Rita Laura Lutz
Rita Laura Lutz
  • September 30, 1919 - December 24, 2009
  • Blue Diamond, Nevada

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"Seeing is believing." For many, those words simply represent a motto. But for Rita Laura Lutz, it summarized in every way who she was. She was modest, quiet and observant, taking in everything around her and always thinking before acting. She was a realist, someone who was efficient and practical in everything she did. She was a friendly person who truly cared about those around her.

       She was the daughter of Walter and Minnie Heckman. Raised in Pittsburgh, Pennsylvania, she was brought up to be tolerant and trustworthy. As a child, she learned to be conscientious, responsible and punctual. These were all traits that she would carry with her throughout her life.

      As a young girl, Rita was always aware of how others around her felt and this quality served her well. With a deep capacity to tolerate the feelings of others, Rita was generally able to avoid conflicts. It seemed as if Rita was the family member who was always working to keep stress at bay. Preferring a quiet environment where she could concentrate, Rita also had the ability to relate well with her family and friends. Rita was raised with two siblings. She had one younger sister, Shirley, and one younger brother, Earl (Bud). Only Shirley survives her. Rita was constantly involved in activities with her family. Rita and her siblings had the typical rivalries while growing up but they deeply cared for each other and shared many life experiences over the years.

      Love can't be defined but must be experienced. That was so true for Rita. On May 8, 1948 Rita married Francis (Frank) Joseph Lutz at St. Agnes Catholic Church of Pittsburgh, Pennsylvania. She was totally committed to Frank and maintained traditional ideals about marriage. It was as if Rita naturally sensed her spouse's needs, and accepted those feelings unconditionally. Although Rita disliked conflict, she did not take flight from discord, but rather sought to preserve harmony even during the most trying times.

      Rita was a good mother to her children. She had "old fashioned" parental values and could handle typical family conflicts in a fair and calm manner. Because she trusted emotions, Rita was reluctant to force issues and used gentle persuasion to resolve situations. In this way she seemed to radiate an aura of warmth and caring to those around her, always thinking before acting. In addition, Rita was a master planner. No matter how hectic life around her might be, she seemed to know and track everyone's schedule. Rita was blessed with four children, Mark (born 7/28/1949 ), Joy (born 8/23/1950), Kevin (born 6/9/1957), Donna (born 12/16/1961). They were also blessed with nine grandchildren, ranging in age from 26 years old to 10 years old at the time of her death, Lauren, Kristin, Gregg, Amanda, Kurt, Tyler, Byron, Allison, and Ian.

      If you gave Rita a deadline, she would meet it. Rita's only occupation was that of housewife and mother. She gave up a secretarial career in 1949 after she became pregnant with her oldest child, Mark. Rita was good at staying on track and was considerate in listening to what others had to say. In this way, Rita had at true gift for being able to come up with practical resolutions to difficult problems.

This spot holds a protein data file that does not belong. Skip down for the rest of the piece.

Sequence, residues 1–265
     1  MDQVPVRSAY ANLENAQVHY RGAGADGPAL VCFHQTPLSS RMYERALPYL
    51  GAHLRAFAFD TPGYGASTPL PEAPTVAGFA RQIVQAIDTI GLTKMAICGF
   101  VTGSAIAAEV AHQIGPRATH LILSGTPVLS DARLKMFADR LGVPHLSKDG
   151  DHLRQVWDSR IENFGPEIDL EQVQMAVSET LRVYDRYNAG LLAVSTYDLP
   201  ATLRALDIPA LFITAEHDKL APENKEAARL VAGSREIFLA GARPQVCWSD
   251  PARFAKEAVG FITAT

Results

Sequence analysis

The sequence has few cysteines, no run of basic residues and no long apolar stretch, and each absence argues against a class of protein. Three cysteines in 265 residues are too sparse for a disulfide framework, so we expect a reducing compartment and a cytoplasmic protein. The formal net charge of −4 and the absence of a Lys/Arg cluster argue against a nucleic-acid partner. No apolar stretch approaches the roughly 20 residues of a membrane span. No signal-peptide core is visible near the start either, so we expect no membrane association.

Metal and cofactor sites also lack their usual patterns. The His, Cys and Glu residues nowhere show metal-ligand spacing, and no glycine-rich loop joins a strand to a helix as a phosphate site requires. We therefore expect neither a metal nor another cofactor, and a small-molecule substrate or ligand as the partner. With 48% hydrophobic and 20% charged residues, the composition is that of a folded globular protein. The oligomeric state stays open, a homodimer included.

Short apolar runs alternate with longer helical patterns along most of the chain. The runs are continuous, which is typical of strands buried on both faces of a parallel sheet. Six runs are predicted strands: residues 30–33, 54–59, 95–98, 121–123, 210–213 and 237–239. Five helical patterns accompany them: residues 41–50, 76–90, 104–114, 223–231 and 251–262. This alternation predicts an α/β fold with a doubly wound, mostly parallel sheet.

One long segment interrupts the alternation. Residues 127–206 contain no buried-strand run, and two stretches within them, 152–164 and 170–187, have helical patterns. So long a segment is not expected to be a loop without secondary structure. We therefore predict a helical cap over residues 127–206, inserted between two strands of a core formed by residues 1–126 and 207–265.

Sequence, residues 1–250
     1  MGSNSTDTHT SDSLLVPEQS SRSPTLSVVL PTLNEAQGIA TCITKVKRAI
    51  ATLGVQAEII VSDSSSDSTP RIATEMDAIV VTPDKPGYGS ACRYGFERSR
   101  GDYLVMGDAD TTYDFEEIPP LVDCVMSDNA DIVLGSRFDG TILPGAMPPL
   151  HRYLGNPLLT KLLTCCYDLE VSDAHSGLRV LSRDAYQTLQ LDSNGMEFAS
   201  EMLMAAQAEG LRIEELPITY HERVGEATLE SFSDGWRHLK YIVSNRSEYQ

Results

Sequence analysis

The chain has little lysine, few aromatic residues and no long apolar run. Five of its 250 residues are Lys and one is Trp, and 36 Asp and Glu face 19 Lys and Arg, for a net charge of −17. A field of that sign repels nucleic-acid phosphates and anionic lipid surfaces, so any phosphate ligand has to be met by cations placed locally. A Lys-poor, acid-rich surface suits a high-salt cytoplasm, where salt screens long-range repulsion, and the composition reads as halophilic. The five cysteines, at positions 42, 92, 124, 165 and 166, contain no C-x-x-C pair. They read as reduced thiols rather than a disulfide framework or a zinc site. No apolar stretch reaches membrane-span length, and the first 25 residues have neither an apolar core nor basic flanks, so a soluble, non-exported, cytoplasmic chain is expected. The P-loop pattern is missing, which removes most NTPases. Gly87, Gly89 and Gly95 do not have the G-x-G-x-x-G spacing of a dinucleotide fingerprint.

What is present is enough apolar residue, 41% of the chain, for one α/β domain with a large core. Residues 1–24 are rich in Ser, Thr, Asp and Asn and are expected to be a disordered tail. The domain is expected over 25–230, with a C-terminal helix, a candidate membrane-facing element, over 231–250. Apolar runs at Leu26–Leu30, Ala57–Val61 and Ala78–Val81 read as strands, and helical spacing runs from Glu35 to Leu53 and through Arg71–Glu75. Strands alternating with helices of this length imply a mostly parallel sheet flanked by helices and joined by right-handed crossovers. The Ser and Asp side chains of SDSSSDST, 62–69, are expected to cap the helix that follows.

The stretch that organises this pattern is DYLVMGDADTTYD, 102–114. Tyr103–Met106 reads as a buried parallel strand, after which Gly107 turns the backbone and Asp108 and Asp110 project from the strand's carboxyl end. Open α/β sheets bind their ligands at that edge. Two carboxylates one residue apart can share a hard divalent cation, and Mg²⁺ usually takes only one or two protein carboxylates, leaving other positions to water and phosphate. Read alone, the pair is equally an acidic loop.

An individual who respected and maintained traditional values, her faith was important to Rita. Her compassion, consideration and sympathy toward others was evident in her personal beliefs. She was born and raised in the Roman Catholic faith. She was active in various ministries at St. Therese Church in Alhambra during the nearly 20 years that she and Frank lived in San Gabriel, Ca. When they retired to Vista, California at the end of 1982, Rita became active in her new parish community, St. Francis of Assisi Catholic Church. During that time, she and Frank were members of the "Young at Hearts" club. Rita also was involved in a ministry making rosaries.

      When Rita's retirement finally arrived in 1982, she was well prepared. She had taken the time to learn about her various options and chose her course wisely. Her new life involved relocating to retired to Vista, California at the end of 1982. Even in retirement, Rita continued to stay in touch with her old friends while making plenty of new acquaintances. She was active in the community and felt fulfilled with the opportunities retirement offered her.

      Rita passed away on December 24, 2009 at Rita died on Christmas Eve, December 24th, 2009 in Las Vegas at the hospice residence where she lived the final 9 months of her life. She did not have a medical diagnosis other than "failure to thrive". She suddenly became poorly responsive on December 16th, but since she was not transported to a hospital, her final days were in the care of the hospice staff where she lived. Rita is survived by her children, Mark, Joy, Kevin, and Donna. She is also survived by her grandchildren, Lauren, Kristin, Gregg, Amanda, Kurt, Tyler, Byron, Allison, and Ian. Her sister Shirley in Florida survives her as well. Services were held at Our Lady of Assumption Catholic Church. Rita's final resting place will be with her husband Frank who preceded her in death. They will rest together at Riverside National Cemetery.

      It is said that some people can't see the forest for the trees. Rita was able to focus on each individual tree, tending to its needs, thus making the forest stronger as a whole. Rita was a trustworthy, pragmatic and sympathetic person, the kind of woman to whom everyone was drawn. She was thorough and practical. Rita Lutz was very literal with her words. You always knew where you stood with Rita. She will be missed.